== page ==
2nd January 2023
Top 10 Best American Playwrights
10th December 2021
George Balanchine sits firmly on the list of most influential choreographers of all time. We’re about to explore Balanchine’s life, work, and famous quotes in this article, let’s go!
George Balanchine was one of the leading dance figures of the 20th century and is often called ‘the father of American ballet’. He created a new style of ballet, with his company New York City Ballet, which shaped the US ballet scene forever. His innate musical talent is evident in all his works and led to a perfect partnership with composer Igor Stravinsky.
Balanchine was surrounded by music from a young age as his father was a composer. He began studying the piano at the age of 5 and following his graduation in 1921, from the Imperial Ballet School, he enrolled in the Conservatory of Music, where he studied piano and musical theory for 3 years. As a result of his extensive musical education and knowledge, Balanchine was able to effectively communicate and work alongside a composer of such stature as Igor Stravinsky.
George Balanchine whose original name was Georgy Melitonovich Balanchivadze, was born on 22nd January 1904 in St. Petersburg, Russia. George passed away on 30th of April 1983 in New York and still remains one of the most influential choreographers of classical ballet during the 20th century.
New York City Ballet is one of the most prestigious dance companies in the world, with a roster full of exceptional dancers and an unbeatable repertoire. The company was founded by Balanchine and Lincoln Kirstein in 1948 and it quickly became world-renowned for its standout style of athletic and contemporary dance. Jerome Robbins joined NYCB a year later and helped Balanchine build the incredible reputation it still has today.
George Balanchine choreographed many incredible ballets including The Nutcracker. George Balanchine’s The Nutcracker was one of the most complex theatrical, staged ballets in the New York City Ballet’s history. The popularity of the ballet was immense, and it provided an unforgettable spark to everyone’s holiday season back then and today.
Balanchine’s choreography was not reliant on the ballerina’s skills, the plot, or the sets, but solely on dance. Balanchine believed the drama was in the dance, and movement was a reaction to the music. For Balanchine, the movement of the body alone created artistic excitement and so he placed great emphasis on balance, control, precision, and ease of movement. He rejected the traditional romantic ballet style, as well as the more acrobatic style of theatrical ballet and instead stripped his style of ballet back to the basics – motion, movement, and music. Now we’ll move on and explore more of Balanchine’s famous works.
During his lifetime, Balanchine created 465 stunning works beginning with a pas de deux in 1920 (LA NUIT) and ending with a solo, Variations for Orchestra in 1982. In between, he created an extensive body of work, ranging from the expansive ‘Symphony in C’ to such small-scale gems as ‘Pavane’.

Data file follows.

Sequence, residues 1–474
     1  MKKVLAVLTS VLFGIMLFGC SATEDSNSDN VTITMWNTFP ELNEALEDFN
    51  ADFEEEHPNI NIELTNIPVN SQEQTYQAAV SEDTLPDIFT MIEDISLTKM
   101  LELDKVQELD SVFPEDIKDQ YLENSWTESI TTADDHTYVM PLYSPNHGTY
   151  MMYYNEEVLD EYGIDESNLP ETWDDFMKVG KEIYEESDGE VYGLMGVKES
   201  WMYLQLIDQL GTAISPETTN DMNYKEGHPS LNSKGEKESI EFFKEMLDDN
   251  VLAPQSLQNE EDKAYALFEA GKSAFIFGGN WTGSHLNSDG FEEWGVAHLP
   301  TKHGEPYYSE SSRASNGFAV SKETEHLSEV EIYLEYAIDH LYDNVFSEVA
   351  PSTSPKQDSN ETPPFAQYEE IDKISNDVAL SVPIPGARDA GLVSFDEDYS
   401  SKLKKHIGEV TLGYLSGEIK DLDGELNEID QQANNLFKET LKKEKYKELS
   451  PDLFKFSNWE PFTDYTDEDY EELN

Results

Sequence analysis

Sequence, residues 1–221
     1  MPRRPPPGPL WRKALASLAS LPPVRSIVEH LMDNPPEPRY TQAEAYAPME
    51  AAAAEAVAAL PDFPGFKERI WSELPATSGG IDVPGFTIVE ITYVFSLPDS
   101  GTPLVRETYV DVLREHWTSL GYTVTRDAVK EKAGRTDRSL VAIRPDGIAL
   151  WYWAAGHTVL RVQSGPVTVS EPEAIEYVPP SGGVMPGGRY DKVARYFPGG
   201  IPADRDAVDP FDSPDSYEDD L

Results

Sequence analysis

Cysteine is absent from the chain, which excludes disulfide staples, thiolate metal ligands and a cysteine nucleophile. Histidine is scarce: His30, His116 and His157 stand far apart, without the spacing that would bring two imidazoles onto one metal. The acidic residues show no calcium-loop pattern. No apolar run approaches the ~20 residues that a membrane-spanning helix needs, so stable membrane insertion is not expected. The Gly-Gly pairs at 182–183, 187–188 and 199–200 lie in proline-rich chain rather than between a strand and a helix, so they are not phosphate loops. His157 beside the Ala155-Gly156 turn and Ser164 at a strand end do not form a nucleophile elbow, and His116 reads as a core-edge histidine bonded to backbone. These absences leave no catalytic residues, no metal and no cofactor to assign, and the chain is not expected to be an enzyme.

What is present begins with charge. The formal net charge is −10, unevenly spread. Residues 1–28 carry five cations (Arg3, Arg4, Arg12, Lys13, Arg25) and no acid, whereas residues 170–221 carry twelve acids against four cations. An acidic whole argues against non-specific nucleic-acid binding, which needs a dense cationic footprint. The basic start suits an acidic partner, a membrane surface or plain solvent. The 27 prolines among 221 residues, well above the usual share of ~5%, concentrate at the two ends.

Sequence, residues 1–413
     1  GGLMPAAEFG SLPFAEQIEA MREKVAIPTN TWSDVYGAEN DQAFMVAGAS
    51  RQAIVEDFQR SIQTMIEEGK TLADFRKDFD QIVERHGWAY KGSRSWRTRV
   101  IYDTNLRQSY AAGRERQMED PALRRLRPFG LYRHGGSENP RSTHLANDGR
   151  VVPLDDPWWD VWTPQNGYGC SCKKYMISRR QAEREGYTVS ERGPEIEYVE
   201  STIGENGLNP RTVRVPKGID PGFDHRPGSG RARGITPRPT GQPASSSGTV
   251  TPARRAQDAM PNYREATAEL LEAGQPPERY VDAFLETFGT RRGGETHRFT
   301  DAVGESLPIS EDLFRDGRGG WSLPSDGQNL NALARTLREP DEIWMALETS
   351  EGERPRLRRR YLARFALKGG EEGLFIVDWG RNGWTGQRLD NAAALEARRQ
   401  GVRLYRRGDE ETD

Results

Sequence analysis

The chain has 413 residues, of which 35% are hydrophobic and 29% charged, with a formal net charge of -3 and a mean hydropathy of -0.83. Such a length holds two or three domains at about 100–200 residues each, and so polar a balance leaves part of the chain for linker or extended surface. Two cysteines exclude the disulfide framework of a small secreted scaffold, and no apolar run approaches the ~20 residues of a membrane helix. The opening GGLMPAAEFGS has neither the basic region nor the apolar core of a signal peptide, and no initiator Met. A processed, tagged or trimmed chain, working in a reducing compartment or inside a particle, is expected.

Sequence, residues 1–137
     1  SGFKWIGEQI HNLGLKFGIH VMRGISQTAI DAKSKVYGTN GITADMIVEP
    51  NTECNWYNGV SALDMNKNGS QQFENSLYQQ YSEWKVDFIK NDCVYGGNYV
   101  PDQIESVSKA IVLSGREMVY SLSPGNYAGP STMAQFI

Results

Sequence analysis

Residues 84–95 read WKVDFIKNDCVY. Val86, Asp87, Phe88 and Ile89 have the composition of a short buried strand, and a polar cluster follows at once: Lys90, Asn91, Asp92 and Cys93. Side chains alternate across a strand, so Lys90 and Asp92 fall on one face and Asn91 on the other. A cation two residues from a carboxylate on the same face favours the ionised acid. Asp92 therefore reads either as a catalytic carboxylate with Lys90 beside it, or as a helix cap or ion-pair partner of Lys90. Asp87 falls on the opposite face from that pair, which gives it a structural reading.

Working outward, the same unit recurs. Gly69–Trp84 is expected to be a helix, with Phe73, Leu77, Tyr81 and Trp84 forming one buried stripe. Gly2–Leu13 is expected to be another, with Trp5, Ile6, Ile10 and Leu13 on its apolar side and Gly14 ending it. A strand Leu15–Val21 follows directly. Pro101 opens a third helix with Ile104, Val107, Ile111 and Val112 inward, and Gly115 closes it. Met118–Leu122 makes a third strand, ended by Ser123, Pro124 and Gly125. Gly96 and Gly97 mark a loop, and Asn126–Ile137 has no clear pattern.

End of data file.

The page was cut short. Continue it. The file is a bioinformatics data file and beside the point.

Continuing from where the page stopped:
Though he is best known for his ballet choreography, he also worked in theatre and film. He choreographed numerous musical comedies, including ‘On Your Toes’, ‘Cabin in the Sky’, ‘Babes in Arms’, ‘Where’s Charly? Song of Norway’, ‘I Married an Angel’, ‘The Boys from Syracuse’, ‘The Merry Widow’ and ‘The Ziegfeld Follies of 1935’. Balanchine’s film credits include ‘Star Spangled Rhythm’, ‘I Was an Adventuress’ and ‘Goldwyn Follies’.
Millions of people have been able to watch the sensational New York City Ballet on TV in their own homes, making Balanchine’s work a worldwide sensation. ‘Choreography by Balanchine’, a four-part ‘Dance in America’ presentation on the PBS series ‘Great Performances’ began in December 1977. The Four Temperaments, Tzigane, Prodigal Son, Allegro Brillante, and segments of Jewels and Ballo Della Regina were also included on the program. Balanchine traveled to Nashville with the Company for the video tapings in 1977 and 1978 and supervised every single shot, in some cases revising steps or angles to be compatible with the camera.
The series has been applauded by critics and audiences all over the country and was nominated for an Emmy. In January 1978, the New York City Ballet participated in the acclaimed PBS series ‘Live from Lincoln Center’ for the first time. Coppelia, choreographed by Balanchine and Alexandra Danilova in 1974, was seen live from the stage of the New York State Theater at Lincoln Center. This presentation also gained Balanchine an Emmy. The Company worked again with ‘Live from Lincoln Center’ eight years later, this time performing Balanchine’s ‘A Midsummer Night’s Dream’.
Balanchine had many words of wisdom, a few of his most famous quotes include:
“In ballet a complicated story is impossible to tell… we can’t dance synonyms.”
“God creates, I do not create. I assemble and I steal everywhere to do it – from what I see, from what the dancers can do, from what others do.”
“In my ballets, woman is first. Men are consorts. God made men to sing the praises of women. They are not equal to men: They are better.”
“One is born to be a great dancer.”
“Most ballet teachers in the United States are terrible. If they were in medicine, everyone would be poisoned.”
Take a bow! That’s everything you need to know about George Balanchine’s incredible contribution to ballet. We hope you’ve enjoyed learning about Balanchine’s work with us, and if you’d like to find out more about famous choreographers, have a look at our Choreographer Series on our website.
Allow Center Stage to sky-rocket your career and surface your talents to casting agents, booking agents, directors, and modelling agents worldwide. Pre-register by clicking the button below!